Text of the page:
For franchise movie fans, nothing grates on the nerves quite like the lull between the day production wraps on a new movie and the day the first teaser drops. Production has been finished on Star Wars: The Last Jedi for a few months now, and since we’re not quite sure when Disney will be releasing the first trailer for the film, we’re latching onto any piece of information we can get about the new film or any new Star Wars content, period. In short, we’re in the business of reading too much into Mark Hamill’s Twitter account.
While the giant ape in Kong: Skull Island may not climb any New York skyscrapers this time around, he certainly did climb the box office charts. The latest Warner Bros. monster movie shot all the way to the top spot in its opening weekend, with Logan and the surprising hit Get Out both shifting one spot down to accommodate him.
With everyone’s feeds full of horrible news stories these days, you’ve probably already forgotten about the video of alleged animal abuse on the set of A Dog’s Purpose. Back in January, TMZ shared leaked footage of animal handlers aggressively dragging their canine star into a tank of water. The clear signs of the dog’s panic caused an internet firestorm, with star Josh Gad distancing himself from the project and PETA calling for an immediate boycott of the film. A Dog’s Purpose still performed well enough in its opening weekend, but the scandal no doubt cost it ticket sales at the box office.
Here are some facts you may not know about the 2001 Owen Wilson-led war thriller Behind Enemy Lines. First, despite overwhelmingly negative reviews, the movie was a box office success, grossing over $90 million worldwide. Second, the film spawned three loosely related direct-to-video sequels: Behind Enemy Lines II: Axis of Evil, Behind Enemy Lives: Colombia (starring Joe Manganiello!), and SEAL Team 8: Behind Enemy Lines. And finally, despite nobody anywhere requesting it, Fox is about to give us our very own Behind Enemy Lines television show.
After years of watching a certain segment of fans argue over which Enterprise captain was the best, I think it might be time for Star Trek fans to admit that they’re no longer the leader in casting fan arguments. Now all the cool kids want to argue over which Batman actor played the role best. While the obvious answer for most millennials would be Christian Bale, I tend to gravitate towards the early performances of Michael Keaton, a Batman who was a bit more believable as an intellectual than subsequent versions of the character. To each their own, I suppose.
While Tom Holland’s introduction as Spider-Man in Captain America: Civil War has to be considered a rousing success, perhaps our favorite part of the character was what we didn’t see: namely, yet-another origin story that puts him through the familiar paces of spiders, wrestling, and that old yarn about great power and great responsibility. Any self-professed Spider-Man fan knows Peter Parker’s history like the back of his hand; the fact that Captain America: Civil War was content to pick up the character’s life midstream bodes well for Marvel’s approach to the character in Spider-Man: Homecoming.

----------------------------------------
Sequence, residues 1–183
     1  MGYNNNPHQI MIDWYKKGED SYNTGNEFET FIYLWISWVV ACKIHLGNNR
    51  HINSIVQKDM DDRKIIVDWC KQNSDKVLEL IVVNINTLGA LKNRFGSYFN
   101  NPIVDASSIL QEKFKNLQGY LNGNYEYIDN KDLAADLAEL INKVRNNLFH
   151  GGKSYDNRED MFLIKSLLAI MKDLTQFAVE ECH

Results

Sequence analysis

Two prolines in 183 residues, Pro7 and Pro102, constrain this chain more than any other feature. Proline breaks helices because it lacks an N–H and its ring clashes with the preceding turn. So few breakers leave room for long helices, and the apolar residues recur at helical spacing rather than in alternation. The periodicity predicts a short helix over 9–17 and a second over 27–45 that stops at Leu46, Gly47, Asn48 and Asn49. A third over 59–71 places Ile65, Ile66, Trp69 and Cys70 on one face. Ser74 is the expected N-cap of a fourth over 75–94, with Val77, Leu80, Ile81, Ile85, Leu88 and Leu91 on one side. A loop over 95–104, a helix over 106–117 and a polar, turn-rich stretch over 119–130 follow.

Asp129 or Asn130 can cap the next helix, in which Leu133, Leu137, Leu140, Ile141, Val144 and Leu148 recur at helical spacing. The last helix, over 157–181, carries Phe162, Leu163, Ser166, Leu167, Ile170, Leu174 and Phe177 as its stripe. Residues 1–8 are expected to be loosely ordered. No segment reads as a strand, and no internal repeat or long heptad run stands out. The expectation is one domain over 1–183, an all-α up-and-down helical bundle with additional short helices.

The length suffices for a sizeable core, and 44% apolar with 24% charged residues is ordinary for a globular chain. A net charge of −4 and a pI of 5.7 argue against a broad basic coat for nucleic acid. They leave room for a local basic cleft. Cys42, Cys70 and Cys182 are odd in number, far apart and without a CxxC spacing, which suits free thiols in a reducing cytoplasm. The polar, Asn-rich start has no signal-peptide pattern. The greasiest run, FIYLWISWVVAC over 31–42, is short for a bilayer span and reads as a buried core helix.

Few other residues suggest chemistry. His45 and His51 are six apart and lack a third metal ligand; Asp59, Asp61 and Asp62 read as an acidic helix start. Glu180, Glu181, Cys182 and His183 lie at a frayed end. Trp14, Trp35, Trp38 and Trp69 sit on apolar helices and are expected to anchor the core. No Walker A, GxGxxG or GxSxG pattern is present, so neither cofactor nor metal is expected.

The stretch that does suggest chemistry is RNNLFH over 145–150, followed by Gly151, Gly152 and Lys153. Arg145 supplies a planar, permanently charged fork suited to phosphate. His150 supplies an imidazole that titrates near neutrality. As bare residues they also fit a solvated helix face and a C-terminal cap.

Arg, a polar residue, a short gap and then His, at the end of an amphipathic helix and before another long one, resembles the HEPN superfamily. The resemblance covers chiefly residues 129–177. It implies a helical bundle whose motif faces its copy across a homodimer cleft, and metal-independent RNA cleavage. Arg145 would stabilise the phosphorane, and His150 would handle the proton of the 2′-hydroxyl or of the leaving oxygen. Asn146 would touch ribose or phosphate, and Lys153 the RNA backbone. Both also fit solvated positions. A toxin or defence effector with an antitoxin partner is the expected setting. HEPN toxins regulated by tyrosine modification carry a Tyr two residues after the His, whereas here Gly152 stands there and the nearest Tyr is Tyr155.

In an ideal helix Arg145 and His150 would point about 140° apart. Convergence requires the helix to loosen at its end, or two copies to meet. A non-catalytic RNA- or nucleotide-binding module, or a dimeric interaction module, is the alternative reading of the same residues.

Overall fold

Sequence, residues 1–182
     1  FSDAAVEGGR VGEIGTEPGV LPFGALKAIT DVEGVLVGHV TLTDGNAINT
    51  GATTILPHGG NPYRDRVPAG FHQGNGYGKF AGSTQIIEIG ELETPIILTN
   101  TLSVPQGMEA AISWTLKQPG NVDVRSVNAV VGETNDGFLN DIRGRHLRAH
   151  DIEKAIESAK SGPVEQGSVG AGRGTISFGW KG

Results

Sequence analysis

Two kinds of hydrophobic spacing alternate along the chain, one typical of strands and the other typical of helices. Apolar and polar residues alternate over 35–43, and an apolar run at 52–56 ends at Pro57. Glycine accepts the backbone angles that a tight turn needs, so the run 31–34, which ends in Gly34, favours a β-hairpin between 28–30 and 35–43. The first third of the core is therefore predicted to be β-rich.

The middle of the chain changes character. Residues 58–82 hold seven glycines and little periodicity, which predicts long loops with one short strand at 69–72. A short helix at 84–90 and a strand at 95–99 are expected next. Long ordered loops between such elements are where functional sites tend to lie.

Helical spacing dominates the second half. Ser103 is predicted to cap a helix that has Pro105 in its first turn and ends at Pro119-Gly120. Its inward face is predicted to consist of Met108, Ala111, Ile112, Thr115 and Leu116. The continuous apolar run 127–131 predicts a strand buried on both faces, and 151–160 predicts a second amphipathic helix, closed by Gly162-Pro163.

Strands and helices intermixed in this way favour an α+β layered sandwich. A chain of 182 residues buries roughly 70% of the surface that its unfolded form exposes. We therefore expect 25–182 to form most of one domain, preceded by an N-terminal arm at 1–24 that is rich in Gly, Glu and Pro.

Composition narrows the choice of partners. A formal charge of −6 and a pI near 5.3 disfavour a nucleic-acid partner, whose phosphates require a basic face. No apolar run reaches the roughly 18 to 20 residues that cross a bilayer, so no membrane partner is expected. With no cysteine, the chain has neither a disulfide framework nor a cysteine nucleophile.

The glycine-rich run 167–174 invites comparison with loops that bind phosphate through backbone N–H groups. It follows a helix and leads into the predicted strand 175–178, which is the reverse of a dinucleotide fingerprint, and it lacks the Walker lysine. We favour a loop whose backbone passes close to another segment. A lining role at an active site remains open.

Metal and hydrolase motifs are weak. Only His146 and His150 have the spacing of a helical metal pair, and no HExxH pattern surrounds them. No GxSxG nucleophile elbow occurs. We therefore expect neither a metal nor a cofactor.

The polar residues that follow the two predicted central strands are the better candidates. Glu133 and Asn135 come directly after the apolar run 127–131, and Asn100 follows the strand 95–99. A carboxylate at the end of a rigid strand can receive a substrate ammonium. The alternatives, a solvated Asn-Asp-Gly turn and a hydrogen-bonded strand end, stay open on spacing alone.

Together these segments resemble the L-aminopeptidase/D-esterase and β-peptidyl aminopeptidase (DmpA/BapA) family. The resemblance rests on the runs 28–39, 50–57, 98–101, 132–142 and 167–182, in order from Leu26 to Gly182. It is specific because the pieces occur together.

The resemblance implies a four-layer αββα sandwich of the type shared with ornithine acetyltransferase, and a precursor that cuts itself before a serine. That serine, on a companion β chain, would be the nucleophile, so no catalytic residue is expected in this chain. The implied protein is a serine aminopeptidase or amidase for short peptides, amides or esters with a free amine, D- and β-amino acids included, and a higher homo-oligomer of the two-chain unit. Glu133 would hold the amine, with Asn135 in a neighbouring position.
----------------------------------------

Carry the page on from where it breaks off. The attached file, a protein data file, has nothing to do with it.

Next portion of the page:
Any Star Wars fan knows that nobody speaks as bluntly about the franchise as Carrie Fisher. While Harrison Ford and Mark Hamill might be counted on for the occasional funny soundbite or bit of interesting backstory, if you really want one of the Star Wars actors to lay their chips on the table, it’s Carrie Fisher you need to listen to. The actress and writer possesses one of the most acerbic wits in all of Hollywood and has never shied away from trying to spin her sense of humor into backdoor Star Wars cannon.
There’s something strange about concept art for comic book movies. Seeing artists’ renditions of popular superheroes filtered through the lens of the Hollywood actors that play them blur the line between comic books and movies in a really weird way. Since so many different artists have tackled characters like Iron Man and Captain America, I’m used to them not looking like anyone in particular, but there is the face of Chris Evans or Sebastian Stan poking out from every panel. It’s both very neat and a little, you know, uncanny valley.
Back in May, Joe and Anthony Russo announced that Avengers: Infinity War - Part 1 and Avengers: Infinity War - Part 2 were due for a name change. According to the Marvel directors, the two films were shaping up to tell two very separate stories, and keeping them grouped under the same subtitle would be misleading to fans. This name change became a reality on Friday, with The Hollywood Reporter announcing that Disney had renamed the former as Avengers: Infinity War and scratched the name for the latter entirely.
If you’re like me, even after all these years, you can still remember everything that happened in The Bourne Identity pretty clearly. It’s when you get to The Bourne Supremacy that things start to get a little fuzzy. I remember an early scene in the second film where Matt Damon’s Bourne and Franka Potente’s Marie are ambushed by Karl Urban’s Treadstone assassin, and then some sort of car chase in an Eastern European city, but that’s about the last major plot point I can keep straight in my head. Was Brian Cox in the second film? Didn’t the third film have some sort of investigative journalist? Did Bourne actually ever get his memory back in the three films? Does The Bourne Legacy even matter at all?
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